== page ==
Primigravid swine were vaccinated orally with a live enterotoxigenic Escherichia coli (ETEC) strain that produces pilus antigen K99. The titers of K99 antibody in colostrum and milk of vaccinates remained higher than those of nonvaccinated controls through the first lactation after vaccination (4 weeks). Some control swine had low titers of K99 antibody in colostrum or developed low titers of K99 antibody in milk during lactation. Lacteal K99 antibody titers of vaccinates dropped to control levels during the second lactation, 6 months after vaccination. Pigs suckling vaccinates and controls were equally susceptible to challenge exposure to K99+ ETEC during the second lactation. Orally vaccinated swine given a parenteral booster vaccination (with killed K99+ ETEC) during their second gestation had K99 antibody in milk through their second lactation. During the second lactation, these orally vaccinated parenterally revaccinated swine had higher titers of K99 antibody in postcolostral milk than did nonvaccinated controls, controls given only the parenteral booster injection, or controls vaccinated parenterally during both gestations.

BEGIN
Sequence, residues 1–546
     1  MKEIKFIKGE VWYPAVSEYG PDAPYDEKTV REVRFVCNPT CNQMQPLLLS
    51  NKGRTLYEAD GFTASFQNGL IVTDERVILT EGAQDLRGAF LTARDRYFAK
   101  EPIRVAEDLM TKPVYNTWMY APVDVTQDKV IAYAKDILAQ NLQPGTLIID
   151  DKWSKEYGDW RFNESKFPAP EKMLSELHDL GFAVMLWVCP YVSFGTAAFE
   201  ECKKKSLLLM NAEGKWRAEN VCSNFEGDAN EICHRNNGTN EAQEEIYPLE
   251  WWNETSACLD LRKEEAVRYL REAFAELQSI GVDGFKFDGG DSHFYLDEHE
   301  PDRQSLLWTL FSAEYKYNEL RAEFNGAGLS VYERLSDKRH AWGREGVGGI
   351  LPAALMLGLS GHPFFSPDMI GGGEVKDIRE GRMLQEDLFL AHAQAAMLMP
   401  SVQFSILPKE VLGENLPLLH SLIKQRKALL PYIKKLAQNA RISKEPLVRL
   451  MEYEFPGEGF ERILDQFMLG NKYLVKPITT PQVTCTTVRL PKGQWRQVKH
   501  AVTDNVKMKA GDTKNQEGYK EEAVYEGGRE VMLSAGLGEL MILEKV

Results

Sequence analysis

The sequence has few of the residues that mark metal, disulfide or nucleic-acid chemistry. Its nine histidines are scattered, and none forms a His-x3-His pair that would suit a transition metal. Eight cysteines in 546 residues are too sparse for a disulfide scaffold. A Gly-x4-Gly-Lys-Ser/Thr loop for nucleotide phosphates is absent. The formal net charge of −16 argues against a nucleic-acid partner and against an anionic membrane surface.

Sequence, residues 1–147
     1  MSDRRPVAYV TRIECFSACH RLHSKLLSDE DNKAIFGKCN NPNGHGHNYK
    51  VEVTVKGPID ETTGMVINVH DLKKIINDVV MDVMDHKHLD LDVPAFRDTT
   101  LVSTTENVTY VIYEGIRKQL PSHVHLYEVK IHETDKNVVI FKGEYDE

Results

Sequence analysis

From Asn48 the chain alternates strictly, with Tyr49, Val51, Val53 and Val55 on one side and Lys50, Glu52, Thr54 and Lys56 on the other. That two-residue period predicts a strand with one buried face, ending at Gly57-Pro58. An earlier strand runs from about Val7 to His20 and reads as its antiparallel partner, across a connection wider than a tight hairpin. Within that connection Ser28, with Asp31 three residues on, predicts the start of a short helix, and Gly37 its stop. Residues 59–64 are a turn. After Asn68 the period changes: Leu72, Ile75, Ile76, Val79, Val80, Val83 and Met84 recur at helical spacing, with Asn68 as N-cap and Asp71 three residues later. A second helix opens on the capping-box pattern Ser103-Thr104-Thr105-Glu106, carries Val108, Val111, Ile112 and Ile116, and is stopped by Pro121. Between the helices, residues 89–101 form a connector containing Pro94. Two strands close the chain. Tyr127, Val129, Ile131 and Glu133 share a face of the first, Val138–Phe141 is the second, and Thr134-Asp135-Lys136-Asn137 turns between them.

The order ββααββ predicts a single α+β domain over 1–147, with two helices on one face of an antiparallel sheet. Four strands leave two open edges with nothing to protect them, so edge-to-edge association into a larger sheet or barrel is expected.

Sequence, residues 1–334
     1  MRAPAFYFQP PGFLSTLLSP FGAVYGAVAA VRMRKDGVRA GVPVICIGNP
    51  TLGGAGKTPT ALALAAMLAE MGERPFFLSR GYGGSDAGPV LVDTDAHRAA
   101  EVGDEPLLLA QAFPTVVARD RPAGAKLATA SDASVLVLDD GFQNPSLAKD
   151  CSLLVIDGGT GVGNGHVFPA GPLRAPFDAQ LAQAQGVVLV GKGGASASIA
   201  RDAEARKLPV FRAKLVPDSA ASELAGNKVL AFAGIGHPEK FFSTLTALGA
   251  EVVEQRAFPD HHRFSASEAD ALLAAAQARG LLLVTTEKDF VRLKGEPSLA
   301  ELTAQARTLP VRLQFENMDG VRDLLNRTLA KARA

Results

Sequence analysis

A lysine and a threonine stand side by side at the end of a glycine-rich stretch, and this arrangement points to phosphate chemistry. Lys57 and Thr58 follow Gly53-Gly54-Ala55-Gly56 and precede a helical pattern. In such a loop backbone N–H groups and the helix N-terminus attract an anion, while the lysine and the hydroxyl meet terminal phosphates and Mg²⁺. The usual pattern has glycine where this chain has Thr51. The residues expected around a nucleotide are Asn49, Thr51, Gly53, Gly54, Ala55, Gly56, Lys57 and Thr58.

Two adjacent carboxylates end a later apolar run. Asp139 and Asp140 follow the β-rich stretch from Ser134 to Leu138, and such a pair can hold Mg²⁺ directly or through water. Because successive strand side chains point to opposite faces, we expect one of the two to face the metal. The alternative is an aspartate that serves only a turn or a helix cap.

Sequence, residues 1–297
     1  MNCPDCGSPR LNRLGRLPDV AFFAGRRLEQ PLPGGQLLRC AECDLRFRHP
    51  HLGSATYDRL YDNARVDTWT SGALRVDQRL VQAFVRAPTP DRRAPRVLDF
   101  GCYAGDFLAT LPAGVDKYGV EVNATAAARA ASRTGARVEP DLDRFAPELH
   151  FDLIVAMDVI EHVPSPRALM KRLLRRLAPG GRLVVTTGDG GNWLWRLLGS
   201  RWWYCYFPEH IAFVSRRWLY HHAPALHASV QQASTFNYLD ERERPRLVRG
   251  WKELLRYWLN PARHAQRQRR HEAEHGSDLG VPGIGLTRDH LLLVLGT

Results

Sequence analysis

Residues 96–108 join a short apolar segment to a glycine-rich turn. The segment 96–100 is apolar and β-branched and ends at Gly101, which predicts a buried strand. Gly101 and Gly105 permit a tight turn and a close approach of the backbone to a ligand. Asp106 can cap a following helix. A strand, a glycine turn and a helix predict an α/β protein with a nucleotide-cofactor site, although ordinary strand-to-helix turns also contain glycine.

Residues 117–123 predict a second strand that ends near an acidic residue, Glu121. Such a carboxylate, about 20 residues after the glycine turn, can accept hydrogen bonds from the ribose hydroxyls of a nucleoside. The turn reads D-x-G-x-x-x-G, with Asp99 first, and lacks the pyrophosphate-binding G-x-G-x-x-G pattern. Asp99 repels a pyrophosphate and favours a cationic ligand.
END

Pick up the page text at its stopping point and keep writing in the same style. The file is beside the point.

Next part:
|Original language||English (US)|
|Number of pages||4|
|Journal||American journal of veterinary research|
|Publication status||Published - Dec 1988|
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